“First” data centers to reduce consumption in crisis
The operator of the country’s power system has warned that the electricity supply will be tight during the winter.
But Mark Foley, CEO of EirGrid, said that “if an emergency is declared,” data centers “will be a first port of call” to reduce energy consumption.
He told a committee in Oireachtas that these centers would switch to on-site power generators.
“I think they have stepped up to the plate (…) and we can call on them this winter,” he told the Joint Committee on Environment and Climate Action.
EirGrid has had significant engagement with the industry, Mr. Foley said.
“We are satisfied with the response we got,” he added.
He also predicted that energy demand will increase across the country by at least 28% during this decade. This is due to economic growth, data centers, electrification and home heating, he said.
The CEO of EirGrid added that data centers account for around 30% of total energy demand. Mr Foley said that a figure of 70% that has been mentioned in some quarters “has no basis”.
He said older generators with “reliability issues” will continue to be taken offline for essential repairs over the coming months.
In his opening statement to the committee, he said the Huntstown and Whitegate gas generators “are expected to be back on line in October and November.”
Nevertheless, “[other] the units will be down as needed and the winter will remain tight, ”he said.
“[Our] overall view is positive … assuming no other force majeure type event arises, “said Foley.
However, he warns that “a prolonged period without wind” will lead to more “tightness on our own system”.
This would be “coupled with a reduced ability to appeal to Britain for support,” he said.
But Mr Foley points out that “robust” contingency plans are structured such that “we don’t expect to see an impact at the consumer and / or essential service level.”
New data center proposals
The committee also heard from the energy watchdog.
The Utilities Regulatory Commission (CRU) has warned that demand for data centers is unprecedented in the state’s history.
President Aoife MacEvilly said they would release proposals on the sector this month.
“Our goal is to ensure that data centers are part of the solution to the challenge they present,” she said.
Jim Gannon, also of CRU, told the committee they had received “over 50 responses” while consulting with data center operators on the proposals.
The commission presented a variety of options, he said, adding that a “possible general moratorium is a tool that remains open to regulators.”
And he noted that there is “a mixed outlook” among data center operators, with some “finding it harder to be flexible.”
Mr Gannon also said that 500 MW of electricity that had been secured, “now, will not be delivered.”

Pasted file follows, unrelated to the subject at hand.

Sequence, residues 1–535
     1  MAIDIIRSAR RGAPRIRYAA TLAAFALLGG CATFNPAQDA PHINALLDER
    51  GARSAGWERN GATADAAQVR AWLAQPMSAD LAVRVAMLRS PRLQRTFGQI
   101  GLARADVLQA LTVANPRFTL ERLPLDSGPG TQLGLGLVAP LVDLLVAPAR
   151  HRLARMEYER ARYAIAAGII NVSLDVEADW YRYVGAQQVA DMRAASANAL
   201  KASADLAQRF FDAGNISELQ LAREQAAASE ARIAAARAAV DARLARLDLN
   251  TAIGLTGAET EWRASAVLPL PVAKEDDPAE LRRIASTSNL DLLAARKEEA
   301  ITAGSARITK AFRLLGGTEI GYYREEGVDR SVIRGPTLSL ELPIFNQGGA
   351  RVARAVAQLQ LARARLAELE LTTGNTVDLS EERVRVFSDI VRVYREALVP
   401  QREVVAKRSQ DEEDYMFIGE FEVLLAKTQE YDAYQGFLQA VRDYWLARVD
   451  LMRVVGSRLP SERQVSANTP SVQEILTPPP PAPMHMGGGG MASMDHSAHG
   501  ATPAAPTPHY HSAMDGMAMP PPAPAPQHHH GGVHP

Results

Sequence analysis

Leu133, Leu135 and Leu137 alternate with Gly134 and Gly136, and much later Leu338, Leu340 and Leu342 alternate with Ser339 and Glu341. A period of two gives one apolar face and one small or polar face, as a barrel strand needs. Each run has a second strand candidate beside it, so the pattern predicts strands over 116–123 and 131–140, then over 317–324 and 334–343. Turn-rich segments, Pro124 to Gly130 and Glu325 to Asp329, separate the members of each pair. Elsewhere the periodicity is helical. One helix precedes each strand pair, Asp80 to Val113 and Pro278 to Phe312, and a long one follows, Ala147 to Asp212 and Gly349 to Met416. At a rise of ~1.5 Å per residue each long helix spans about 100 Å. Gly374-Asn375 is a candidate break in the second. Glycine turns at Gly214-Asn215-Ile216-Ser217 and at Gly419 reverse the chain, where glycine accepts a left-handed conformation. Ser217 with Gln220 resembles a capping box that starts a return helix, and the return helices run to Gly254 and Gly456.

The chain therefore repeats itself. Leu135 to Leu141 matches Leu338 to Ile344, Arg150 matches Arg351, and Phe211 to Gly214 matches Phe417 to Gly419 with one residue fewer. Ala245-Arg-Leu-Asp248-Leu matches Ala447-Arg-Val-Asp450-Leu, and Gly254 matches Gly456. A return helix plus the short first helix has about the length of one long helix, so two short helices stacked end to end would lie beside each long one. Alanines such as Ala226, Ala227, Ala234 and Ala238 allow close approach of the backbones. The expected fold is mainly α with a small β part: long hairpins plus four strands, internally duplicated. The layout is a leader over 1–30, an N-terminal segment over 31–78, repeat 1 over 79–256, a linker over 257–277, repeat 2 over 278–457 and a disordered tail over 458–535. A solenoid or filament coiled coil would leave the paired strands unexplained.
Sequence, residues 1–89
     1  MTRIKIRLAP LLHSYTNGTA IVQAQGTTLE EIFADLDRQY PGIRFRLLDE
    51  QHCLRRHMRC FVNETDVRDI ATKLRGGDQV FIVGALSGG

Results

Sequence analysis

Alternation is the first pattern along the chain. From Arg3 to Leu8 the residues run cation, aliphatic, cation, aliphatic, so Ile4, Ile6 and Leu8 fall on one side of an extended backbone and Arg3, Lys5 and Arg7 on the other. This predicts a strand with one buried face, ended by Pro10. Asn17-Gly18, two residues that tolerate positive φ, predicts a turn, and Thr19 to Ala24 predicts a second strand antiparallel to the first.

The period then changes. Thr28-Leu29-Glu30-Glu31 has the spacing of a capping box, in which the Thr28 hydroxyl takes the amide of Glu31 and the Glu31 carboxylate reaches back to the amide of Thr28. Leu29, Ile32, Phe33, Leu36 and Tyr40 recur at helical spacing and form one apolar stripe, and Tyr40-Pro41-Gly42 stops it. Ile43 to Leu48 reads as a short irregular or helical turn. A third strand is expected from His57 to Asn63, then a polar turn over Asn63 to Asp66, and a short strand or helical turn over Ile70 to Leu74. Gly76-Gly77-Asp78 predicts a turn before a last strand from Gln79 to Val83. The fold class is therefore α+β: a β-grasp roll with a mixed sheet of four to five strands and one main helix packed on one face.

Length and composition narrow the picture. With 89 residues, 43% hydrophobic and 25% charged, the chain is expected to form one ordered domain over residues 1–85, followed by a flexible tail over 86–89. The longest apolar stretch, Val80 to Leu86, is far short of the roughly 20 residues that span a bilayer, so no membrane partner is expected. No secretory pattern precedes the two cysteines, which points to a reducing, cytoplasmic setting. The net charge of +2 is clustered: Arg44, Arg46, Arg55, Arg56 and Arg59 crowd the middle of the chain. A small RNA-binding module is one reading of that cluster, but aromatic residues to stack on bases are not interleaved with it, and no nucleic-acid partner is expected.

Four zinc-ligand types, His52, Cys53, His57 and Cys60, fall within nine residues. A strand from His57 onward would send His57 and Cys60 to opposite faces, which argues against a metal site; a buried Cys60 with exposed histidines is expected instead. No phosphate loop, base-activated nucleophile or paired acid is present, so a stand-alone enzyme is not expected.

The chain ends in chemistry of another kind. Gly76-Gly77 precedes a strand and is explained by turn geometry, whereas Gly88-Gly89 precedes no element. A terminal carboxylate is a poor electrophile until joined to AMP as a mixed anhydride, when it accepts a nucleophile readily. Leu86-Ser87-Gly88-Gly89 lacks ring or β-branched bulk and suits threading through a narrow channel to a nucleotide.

He said the commission is working with energy suppliers to ensure the causes of this situation are addressed.
Mr. Foley informed the Committee that EirGrid “[hasn’t] signed a contract of more than 12 months with a data center operator “.
He added that they now impose “a certain degree of obligation on the data center customer to help us.”
And he thinks that the next CRU proposals will make it possible to “find this right balance”.
The proposals would ensure that data centers “have to bring something to the party,” he said.
The measures include locating outside of Dublin, bringing in “a certain degree of distributable generation” and setting up energy storage facilities, Foley added.
Distributable power sources can be called upon by EirGrid when demand is high.
And he called on the ICT sector to “look favorably” on the commission’s proposals.
Mr Gannon noted that it had been six decades since the wind was as light as it was this year.
Mr Foley stressed that EirGrid’s “robust” contingency plans mean that he does not expect “[consumers] and / or essential services “will be affected.
Aoife MacEvilly drew attention to “the security of natural gas supply” which she said is “of growing national strategic importance”.
Ireland will depend on the UK “for 90% of our gas supplies by 2030,” she told the committee.
If this unique energy source is cut off at a time of high demand, supply cannot be guaranteed, she noted.
The commission therefore advises “an examination of the future role of LNG (Liquid Natural Gas)”.
There is currently strong opposition to an LNG plant that is being proposed for Shannon.
Meanwhile, a leading academic has warned that increased electrification “will require more transmission infrastructure.”
“It means more transmission lines, more pylons, more transformer stations,” DCU Professor Barry McMullin told Green Party Senator Pauline O’Reilly.
Professor McMullin expressed concern that this is not yet “generally understood” by the public.
Call for a moratorium on energy disconnections
The Social Democrats, meanwhile, called for a moratorium on disconnections for energy customers.
MP Jennifer Whitmore said some families would see increases of € 800 or more over the winter due to the “skyrocket” in prices.
She said they would have to choose between feeding the children, paying the rent or heating their homes.
Ms Whitmore also said the fuel allowance should be expanded.
A moratorium on disconnections was put in place during the pandemic and was in place for 42 weeks.
It was lifted by the Public Services Regulatory Commission (CRU) at the end of May.
People Before Profit called on the government to restrict price increases by using existing legislation to declare an emergency in energy supply and impose a maximum price cap.
He is presenting a private member’s motion on this subject which will be heard at the Dáil tomorrow.
MP Paul Murphy also said he was “very crazy” to go ahead with carbon tax increases at a time when people are facing a massive increase in energy prices.